N’Dour has long promoted reputable causes through his tours. In 1985 he organized a concert for the release of Nelson Mandela, later bringing out an album in the South African leader’s name. He played a lead role in the 1988 fundraising concerts organized by Amnesty International – Human Rights Now! – touring the world with performers including Peter Gabriel and Sting. More recently he played at the ‘Make Poverty History’ Live 8 concerts in London, Cornwall and Paris. The touring provides a chance to reconnect with the African diaspora: ‘I love seeing my Senegalese brothers and Africans at my shows, whether in New York, Stockholm or Australia. They create a great atmosphere and really take part.’

His social work has focused on helping young people in particular. In April 1991 Youssou N’Dour was named an Ambassador of Goodwill by UNICEF and, among many initiatives, played a benefit concert in Dakar in 1994. In 2001 he launched the charity’s Global Movement for Children and the ‘Say Yes For Children’ campaign in front of 40,000 people in Burkina Faso’s capital Ouagadougou.

On top of his work with UNICEF, N’Dour recently formed his own foundation and Youth Network for Development. It has focused on issues ranging from malaria to children’s rights. One project, La Bourse d’Étude Adama Diop, has created a support fund for young girls from poor backgrounds to help get them into further education. Started in the 2003/2004 school year, the aim is to provide girls with three years’ education after they’ve completed their baccalauréat, part-funded directly by N’Dour. He also launched Joko Inc in 2000, a company aiming to help young Senegalese people connect with the outside world through the internet, opening a series of Yoko internet clubs the following year.  ‘As I always say,’ the singer asserts, ‘I am above all an artist, but one who takes high and strong positions.’

N’Dour has done much to democratize the Senegalese airways through his recording studio and record label, Jololi, founded in 1997. It’s an attempt to give autonomy and self-determination back to African musicians, shifting some of the power away from the American and European record labels that continue to dominate African music. ‘When I created Jololi, the goal was to distribute African music from Senegal,’ he says, ‘because local groups don’t all have the chance to go and sign abroad. I have a studio, they record their albums there and Jololi produces, distributes and promotes these albums. I don’t personally take charge but I’m proud of [our] catalogue of artists.’

But it’s on celluloid, not CD, that N’Dour’s most recent projects have focused. Last year he made his acting début, playing freed slave Olaudah Equiano in Amazing Grace, a film charting the lead-up to the abolition of slavery in Britain in 1807. His sombre role in the film is a far cry from the energetic, animated N’Dour that we see in Return to Gorée, his latest project – a documentary. Initially premiéred at the London Film Festival, the film shows the singer travelling from the former Senegalese transit island of Gorée – and back – along the old transatlantic slave routes, collaborating with American and European musicians and demonstrating how modern music, in particular jazz, is undeniably linked to African slaves and their descendants. While it would have been easy to focus on the painful realities of the trade, N’Dour explains this would have been missing the point: ‘Despite the historical horrors, the strength of this film rests with the natural and spiritual aspect of what we all experienced through this adventure. We are positive artists – we tell a story, we don’t comment on it.’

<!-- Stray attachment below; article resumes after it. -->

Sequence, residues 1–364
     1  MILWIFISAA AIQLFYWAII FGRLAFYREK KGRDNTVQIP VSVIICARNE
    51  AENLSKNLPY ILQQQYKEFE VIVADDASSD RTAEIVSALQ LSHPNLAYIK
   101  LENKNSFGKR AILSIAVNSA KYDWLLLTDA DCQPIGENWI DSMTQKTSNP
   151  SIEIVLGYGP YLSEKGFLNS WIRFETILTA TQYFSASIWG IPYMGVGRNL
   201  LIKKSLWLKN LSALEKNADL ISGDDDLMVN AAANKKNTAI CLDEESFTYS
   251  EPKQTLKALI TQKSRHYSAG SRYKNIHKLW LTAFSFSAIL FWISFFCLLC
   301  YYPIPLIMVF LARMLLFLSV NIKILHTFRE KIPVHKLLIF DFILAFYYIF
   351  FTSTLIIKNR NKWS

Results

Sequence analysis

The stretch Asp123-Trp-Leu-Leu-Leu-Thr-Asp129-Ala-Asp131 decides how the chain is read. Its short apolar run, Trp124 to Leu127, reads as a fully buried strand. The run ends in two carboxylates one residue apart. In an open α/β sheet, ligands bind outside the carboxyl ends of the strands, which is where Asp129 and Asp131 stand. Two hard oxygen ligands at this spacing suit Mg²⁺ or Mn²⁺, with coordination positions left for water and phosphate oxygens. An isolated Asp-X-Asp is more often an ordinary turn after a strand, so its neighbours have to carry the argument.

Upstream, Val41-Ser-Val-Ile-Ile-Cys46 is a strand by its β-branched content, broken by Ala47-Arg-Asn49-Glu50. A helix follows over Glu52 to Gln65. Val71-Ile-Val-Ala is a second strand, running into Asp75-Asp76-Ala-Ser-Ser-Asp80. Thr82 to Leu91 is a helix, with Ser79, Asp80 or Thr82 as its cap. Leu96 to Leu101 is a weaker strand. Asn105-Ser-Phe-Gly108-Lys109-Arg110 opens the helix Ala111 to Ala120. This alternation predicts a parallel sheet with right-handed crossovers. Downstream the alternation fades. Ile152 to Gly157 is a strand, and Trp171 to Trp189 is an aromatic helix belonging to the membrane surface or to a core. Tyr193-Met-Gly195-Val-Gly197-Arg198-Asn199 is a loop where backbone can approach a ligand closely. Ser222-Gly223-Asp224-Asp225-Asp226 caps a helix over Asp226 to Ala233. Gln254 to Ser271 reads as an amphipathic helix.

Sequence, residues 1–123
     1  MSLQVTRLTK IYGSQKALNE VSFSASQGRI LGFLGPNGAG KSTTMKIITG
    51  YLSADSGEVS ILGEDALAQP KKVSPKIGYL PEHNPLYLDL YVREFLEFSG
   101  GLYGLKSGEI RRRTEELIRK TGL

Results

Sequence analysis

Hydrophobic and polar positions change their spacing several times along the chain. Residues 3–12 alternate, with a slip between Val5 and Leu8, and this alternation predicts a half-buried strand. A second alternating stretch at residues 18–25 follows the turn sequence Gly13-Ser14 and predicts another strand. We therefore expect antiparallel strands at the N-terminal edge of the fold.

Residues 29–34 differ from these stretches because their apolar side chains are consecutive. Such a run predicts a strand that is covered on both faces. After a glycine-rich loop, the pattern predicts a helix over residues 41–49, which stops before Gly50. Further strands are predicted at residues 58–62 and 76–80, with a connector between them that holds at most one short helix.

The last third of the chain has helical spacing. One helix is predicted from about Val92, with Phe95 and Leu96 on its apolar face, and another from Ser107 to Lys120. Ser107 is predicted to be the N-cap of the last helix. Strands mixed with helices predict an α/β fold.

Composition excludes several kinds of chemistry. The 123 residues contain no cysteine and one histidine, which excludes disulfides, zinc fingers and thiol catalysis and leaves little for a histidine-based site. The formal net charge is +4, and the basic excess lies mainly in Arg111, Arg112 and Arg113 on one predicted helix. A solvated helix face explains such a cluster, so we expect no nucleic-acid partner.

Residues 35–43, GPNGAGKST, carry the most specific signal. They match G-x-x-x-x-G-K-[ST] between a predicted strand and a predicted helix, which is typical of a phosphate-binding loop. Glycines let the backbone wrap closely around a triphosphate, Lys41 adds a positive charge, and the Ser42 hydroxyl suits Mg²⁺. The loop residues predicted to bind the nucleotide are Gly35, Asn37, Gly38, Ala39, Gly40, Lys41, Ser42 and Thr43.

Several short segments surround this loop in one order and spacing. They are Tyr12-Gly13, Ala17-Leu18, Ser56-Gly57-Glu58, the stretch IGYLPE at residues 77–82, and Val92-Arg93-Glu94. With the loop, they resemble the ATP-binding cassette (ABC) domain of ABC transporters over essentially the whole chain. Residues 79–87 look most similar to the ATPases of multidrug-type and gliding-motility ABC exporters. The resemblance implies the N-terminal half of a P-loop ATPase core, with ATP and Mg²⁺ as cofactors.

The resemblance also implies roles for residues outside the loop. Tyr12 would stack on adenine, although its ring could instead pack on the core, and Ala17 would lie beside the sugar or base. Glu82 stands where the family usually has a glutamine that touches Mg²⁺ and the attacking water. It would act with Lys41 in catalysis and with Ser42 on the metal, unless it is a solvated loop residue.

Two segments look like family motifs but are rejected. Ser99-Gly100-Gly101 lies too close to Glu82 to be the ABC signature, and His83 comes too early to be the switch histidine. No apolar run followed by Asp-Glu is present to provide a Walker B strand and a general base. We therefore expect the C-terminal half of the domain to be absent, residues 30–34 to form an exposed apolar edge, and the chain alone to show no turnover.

But there have been occasions when the Grammy award winner has been prepared to make more political statements. In 2003 he cancelled a tour of the US in protest at the Iraq war, saying it would send out the wrong signals and be ‘inappropriate’ to visit. More recently he got involved in a Spanish campaign aimed at dissuading young Africans from making the perilous journey to Europe in makeshift wooden boats; his detractors accused him of being a puppet of European governments’ attempts to stamp out economic migration. Does N’Dour see himself as a politicized musician in the vein of Bono or Bob Geldolf? ‘I am an artist and a human being,’ he replies. ‘Today everything is political – all our acts and all our words – but I don’t belong to any political party.’

Nonetheless, Dakar’s rumour mill abounds with suggestions that N’Dour intends to enter politics. Last year, the singer confirmed an interest in the capital’s mayoral position and, having recently moved into the media world, the means are clearly there. ‘Music has a great power,’ he says, ‘but I don’t look to find solutions in the place of politicians. I ask politicians questions and I demand a response.’ And when N’Dour asks, people pay attention.